This Week In Washington
After several months, the House is finally expected to vote on the floor on its Fiscal Year (FY) 2018 budget resolution next Thursday. You’ll recall that this resolution, in its current form, instructs the education committee to cut a massive $20 billion from mandatory spending programs within its jurisdiction. If the current House resolution passes both chambers, there could be substantial changes to federal financial aid programs, such as the Public Service Loan Forgiveness program. The Senate is expected to markup its budget resolution next week as well. Thus, we must wait to see which committees receive reconciliation instructions and for how much. Watch this space.
To get involved in stopping any potential negative changes to federal financial aid programs, visit our #MakeTheCase advocacy campaign website for resources you can use.
The Perkins Loan program is set to expire tomorrow, and a bipartisan group of 226 House members have signed on as co-sponsors to the Perkins Loan Extension Act, which would extend the Perkins Loan program for another two years for undergraduates, and one year for graduate and professional students. However, even with bipartisan support from a majority of the House, Rep. Virginia Foxx (R-NC-5), chair of the House education committee, opposes the bill and it is currently not scheduled to be brought to the floor. In the Senate, Sen. Lamar Alexander (R-TN), chair of the education committee, is also opposed to extending the program and has said that the program should end because it adds a layer of complexity to a system that needs to be simplified.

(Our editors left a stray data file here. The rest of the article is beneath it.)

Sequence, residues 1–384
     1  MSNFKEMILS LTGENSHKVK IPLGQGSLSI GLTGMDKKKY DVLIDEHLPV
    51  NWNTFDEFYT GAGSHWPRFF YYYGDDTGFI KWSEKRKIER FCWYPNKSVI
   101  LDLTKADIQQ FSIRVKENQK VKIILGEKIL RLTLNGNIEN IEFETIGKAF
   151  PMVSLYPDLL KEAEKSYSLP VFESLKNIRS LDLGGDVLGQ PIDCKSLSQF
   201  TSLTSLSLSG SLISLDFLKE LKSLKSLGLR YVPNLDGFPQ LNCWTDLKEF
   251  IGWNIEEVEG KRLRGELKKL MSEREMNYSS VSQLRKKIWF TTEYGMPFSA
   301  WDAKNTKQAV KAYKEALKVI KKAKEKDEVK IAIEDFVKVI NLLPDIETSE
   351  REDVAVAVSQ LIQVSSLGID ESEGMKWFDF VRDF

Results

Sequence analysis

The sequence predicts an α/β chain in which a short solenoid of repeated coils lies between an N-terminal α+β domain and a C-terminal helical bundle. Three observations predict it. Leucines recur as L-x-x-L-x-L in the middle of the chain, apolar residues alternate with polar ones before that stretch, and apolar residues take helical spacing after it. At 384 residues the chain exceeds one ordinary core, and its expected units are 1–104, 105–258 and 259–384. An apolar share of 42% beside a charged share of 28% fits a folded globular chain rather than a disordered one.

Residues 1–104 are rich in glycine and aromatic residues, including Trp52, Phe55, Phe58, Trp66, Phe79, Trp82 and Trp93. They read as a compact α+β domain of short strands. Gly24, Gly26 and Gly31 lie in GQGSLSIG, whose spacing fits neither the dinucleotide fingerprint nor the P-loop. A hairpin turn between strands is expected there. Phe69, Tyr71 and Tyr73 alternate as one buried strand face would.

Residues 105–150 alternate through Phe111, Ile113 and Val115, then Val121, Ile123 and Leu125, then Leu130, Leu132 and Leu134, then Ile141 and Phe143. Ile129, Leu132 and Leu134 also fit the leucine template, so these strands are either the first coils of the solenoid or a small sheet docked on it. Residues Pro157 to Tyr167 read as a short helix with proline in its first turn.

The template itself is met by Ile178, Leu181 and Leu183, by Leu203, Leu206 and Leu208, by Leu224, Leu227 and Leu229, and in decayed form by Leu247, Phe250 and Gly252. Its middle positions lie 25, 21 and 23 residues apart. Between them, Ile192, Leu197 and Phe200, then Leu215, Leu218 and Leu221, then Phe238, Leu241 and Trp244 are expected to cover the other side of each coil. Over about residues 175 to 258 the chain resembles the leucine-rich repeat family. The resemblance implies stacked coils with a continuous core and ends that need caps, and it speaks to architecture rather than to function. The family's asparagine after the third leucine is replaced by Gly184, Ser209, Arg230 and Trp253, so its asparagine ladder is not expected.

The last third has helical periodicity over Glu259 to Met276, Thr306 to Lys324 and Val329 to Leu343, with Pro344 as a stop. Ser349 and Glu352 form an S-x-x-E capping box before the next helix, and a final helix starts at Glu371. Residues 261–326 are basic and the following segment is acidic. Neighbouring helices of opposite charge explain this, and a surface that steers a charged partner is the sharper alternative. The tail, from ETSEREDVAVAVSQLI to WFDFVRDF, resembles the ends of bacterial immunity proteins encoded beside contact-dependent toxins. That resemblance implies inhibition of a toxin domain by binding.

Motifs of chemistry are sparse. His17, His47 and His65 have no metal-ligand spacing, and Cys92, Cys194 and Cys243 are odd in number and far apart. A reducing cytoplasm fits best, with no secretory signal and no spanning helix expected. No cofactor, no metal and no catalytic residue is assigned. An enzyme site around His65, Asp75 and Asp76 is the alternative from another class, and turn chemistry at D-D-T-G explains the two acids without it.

If the Perkins Loan program does expire, it would not be first time. In 2015, the program ended, only to be temporarily reauthorized a few months later. Expiration of the program would not end aid for current recipients, but it would prevent new borrowers from enrolling in the program.
The U.S. Department of Education released the FY 2014 three-year federal student loan cohort default rate, which increased slightly from 11.3 percent to 11.5 percent for borrowers who entered repayment in 2014, compared to the FY 2013 cohort.
News You Can Use
Rep. Brendan Boyle (D-PA-13) and Rep. Ryan Costello (R-PA-6) urge Congress to preserve and protect the Public Service Loan Forgiveness program.
Law professor argues that tuition discounting is financially unsustainable and hinders access for disadvantaged students, and the crisis is acute for law schools.
Collaboration between undergraduate pre-law faculty and law school professors could lead to success for future law school students.
The following bills were recently introduced for consideration by the 115th Congress (2017-2018):
H.R. 3835 – Eliminating the Hidden Student Loan Tax [Rep. Susan Davis (D-CA)] would remove all administrative fees on federal student loans.
H.R. 3836 – Student Loan Fair Prepayment Act [Rep. Susan Davis (D-CA)] would ensure that extra payments are applied first to the principal of the highest interest rate loan, unless the borrower requests otherwise.